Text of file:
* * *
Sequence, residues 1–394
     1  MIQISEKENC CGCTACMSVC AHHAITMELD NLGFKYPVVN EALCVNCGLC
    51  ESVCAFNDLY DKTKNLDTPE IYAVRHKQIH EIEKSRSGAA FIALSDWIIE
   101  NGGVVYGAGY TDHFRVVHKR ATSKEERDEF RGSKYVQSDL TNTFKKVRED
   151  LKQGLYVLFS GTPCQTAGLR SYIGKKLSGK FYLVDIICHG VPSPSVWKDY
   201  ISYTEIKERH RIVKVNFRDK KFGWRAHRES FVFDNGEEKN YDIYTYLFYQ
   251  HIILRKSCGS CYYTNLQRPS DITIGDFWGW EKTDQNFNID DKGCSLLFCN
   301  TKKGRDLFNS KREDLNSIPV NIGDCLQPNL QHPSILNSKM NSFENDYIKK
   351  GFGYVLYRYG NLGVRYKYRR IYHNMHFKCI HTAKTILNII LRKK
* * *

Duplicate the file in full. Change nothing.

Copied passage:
Sequence, residues 1–394
     1  MIQISEKENC CGCTACMSVC AHHAITMELD NLGFKYPVVN EALCVNCGLC
    51  ESVCAFNDLY DKTKNLDTPE IYAVRHKQIH EIEKSRSGAA FIALSDWIIE
   101  NGGVVYGAGY TDHFRVVHKR ATSKEERDEF RGSKYVQSDL TNTFKKVRED
   151  LKQGLYVLFS GTPCQTAGLR SYIGKKLSGK FYLVDIICHG VPSPSVWKDY
   201  ISYTEIKERH RIVKVNFRDK KFGWRAHRES FVFDNGEEKN YDIYTYLFYQ
   251  HIILRKSCGS CYYTNLQRPS DITIGDFWGW EKTDQNFNID DKGCSLLFCN
   301  TKKGRDLFNS KREDLNSIPV NIGDCLQPNL QHPSILNSKM NSFENDYIKK
   351  GFGYVLYRYG NLGVRYKYRR IYHNMHFKCI HTAKTILNII LRKK